Yesterday, the Blue Plate Spectaculars witnessed miracles in the kitchen. I believe we should drop out of college and open an Indian restaurant. Who knew we had the mastery of Indian cooking deep within ourselves, waiting to be released?
Amy. Oh Miss Amy. How you outdid yourself. She made 3 delightful appetizers. The first was fried plantains, drenched in liquid caramel and spotted with chocolate. Second there was a deep orange mash of beans, spices, and mango, tantalizing our taste buds. And finally, Amy's own concoction of Mango, spices, and Tamarind Chutney. Lorenzo exclaimed, "This is the best thing I have put in my mouth in a long time." Had I been wearing socks, I'm sure they would have been knocked off.
Lorenzo whipped up some mojitos to keep us cool in the heat of the kitchen. He muddled sugar and mint, topped it off with rum, and added a splash of club soda.
Mike and I collaborated on the main courses. Mike made an outstanding (and delightfully spicy) curry dish with baked eggplant, lots of garlic and ginger, and yogurt. It was creamy and packed a kick. When preparing eggplant, be sure to lightly salt it before placing it in the oven. The salt draws out the bitter juices from the vegetable, making it mellow and perfect for drawing in the flavors of spices.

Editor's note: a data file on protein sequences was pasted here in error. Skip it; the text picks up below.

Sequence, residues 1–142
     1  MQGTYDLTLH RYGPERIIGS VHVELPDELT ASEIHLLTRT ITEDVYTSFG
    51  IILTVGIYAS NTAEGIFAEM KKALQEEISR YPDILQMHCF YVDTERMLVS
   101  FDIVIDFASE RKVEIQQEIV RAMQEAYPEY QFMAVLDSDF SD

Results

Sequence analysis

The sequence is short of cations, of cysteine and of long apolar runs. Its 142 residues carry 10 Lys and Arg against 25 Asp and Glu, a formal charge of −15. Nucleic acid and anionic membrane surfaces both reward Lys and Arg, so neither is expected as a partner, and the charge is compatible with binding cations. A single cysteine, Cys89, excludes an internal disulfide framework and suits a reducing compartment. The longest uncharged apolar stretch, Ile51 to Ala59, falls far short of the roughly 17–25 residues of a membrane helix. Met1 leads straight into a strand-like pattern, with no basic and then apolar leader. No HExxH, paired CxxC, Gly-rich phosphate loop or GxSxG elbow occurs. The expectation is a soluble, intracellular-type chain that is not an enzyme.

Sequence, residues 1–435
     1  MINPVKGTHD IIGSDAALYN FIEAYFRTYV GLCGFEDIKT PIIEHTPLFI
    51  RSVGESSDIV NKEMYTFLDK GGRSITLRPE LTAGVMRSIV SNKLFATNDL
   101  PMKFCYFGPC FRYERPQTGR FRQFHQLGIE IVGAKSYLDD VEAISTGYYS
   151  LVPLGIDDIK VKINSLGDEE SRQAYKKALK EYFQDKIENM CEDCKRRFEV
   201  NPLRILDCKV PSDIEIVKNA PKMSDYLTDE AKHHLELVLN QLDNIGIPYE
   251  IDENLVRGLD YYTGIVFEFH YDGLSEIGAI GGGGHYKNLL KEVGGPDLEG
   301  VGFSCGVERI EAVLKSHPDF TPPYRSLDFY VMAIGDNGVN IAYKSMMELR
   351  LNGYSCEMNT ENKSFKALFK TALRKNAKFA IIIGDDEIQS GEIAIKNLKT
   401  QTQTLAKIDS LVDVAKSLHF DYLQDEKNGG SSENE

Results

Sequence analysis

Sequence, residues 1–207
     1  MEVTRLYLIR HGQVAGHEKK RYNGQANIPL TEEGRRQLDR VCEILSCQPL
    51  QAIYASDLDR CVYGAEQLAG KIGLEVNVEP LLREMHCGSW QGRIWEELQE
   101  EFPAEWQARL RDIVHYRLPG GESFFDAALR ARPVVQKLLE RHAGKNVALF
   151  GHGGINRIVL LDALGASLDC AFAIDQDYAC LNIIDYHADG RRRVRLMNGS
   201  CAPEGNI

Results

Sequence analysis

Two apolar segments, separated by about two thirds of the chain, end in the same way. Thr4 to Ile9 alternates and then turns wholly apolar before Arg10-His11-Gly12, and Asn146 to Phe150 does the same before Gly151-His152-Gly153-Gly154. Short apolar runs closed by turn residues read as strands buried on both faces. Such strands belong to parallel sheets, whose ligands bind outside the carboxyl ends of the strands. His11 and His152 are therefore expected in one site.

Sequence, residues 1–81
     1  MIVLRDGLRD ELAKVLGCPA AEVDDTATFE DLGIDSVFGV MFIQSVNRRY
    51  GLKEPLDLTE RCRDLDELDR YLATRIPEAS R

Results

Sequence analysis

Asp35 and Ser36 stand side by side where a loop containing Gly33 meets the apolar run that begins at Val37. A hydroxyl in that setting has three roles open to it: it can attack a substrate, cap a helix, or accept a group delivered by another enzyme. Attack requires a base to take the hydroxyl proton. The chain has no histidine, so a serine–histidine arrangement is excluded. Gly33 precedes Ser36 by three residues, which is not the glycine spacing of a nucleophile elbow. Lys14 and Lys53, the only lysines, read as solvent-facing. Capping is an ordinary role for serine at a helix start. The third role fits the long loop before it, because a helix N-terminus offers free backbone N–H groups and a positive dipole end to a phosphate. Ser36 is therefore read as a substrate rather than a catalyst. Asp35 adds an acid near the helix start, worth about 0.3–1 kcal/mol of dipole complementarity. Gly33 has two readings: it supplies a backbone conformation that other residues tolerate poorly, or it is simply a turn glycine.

He also made Batsmati rice, following a recipe given to him by a real-life Indian grandmother! Grandmothers know there stuff. The rice gets cooked with lots of cumin, peas, red bell pepper, and onion. It was perfect for soaking up all of the pungent sauces.
Because I enjoy a good challenge, I decided to make Navratan Korma, featuring a homemade Garam Masala spice mix and homemade Paneer. Making cheese is an empowering experience. Watching milk and lemon juice transform into an Indian staple right before your eyes is incredible, and to know that you did it with your very own hands...mmmm-hmm.
I hate to toot my own horn, but it was AMAZING! Mostly because I followed an awesome recipe, but I followed it well my friends, I followed it well. If you would like to follow it too, here is the link for Garam Masala and Navratan Korma. I did not use Saffron in my Garam. Also, for the Korma, I could not find a Bottle-neck Gourd or Cluster beans. I tried out some funny Asian squash that looks like an Indian Bottle-neck Gourd, but it was very plain tasting, so next time I make the dish, I'll leave it out. Also, instead of sauteing the dry fruits in ghee and then re-incorporating them into the dish later, I just continued sauteing them with the onions, which gave the nuts a nice, roasted flavor. And don't garnish with cream, it simply melds with the sauce and is unnecessary.
My recipe for Paneer is as follows:
- 1/2 gallon whole milk
- 2 1/2 tbsp. lemon juice